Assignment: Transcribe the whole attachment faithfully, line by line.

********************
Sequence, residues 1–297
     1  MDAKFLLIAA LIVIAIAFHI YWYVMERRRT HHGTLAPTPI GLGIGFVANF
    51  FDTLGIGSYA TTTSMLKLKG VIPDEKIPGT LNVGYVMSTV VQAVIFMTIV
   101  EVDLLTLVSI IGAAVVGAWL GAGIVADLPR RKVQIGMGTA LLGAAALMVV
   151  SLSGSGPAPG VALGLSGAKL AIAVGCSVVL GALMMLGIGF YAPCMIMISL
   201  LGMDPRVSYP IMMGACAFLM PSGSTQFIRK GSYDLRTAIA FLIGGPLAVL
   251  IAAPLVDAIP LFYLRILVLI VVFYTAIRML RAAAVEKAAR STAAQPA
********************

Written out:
Sequence, residues 1–297
     1  MDAKFLLIAA LIVIAIAFHI YWYVMERRRT HHGTLAPTPI GLGIGFVANF
    51  FDTLGIGSYA TTTSMLKLKG VIPDEKIPGT LNVGYVMSTV VQAVIFMTIV
   101  EVDLLTLVSI IGAAVVGAWL GAGIVADLPR RKVQIGMGTA LLGAAALMVV
   151  SLSGSGPAPG VALGLSGAKL AIAVGCSVVL GALMMLGIGF YAPCMIMISL
   201  LGMDPRVSYP IMMGACAFLM PSGSTQFIRK GSYDLRTAIA FLIGGPLAVL
   251  IAAPLVDAIP LFYLRILVLI VVFYTAIRML RAAAVEKAAR STAAQPA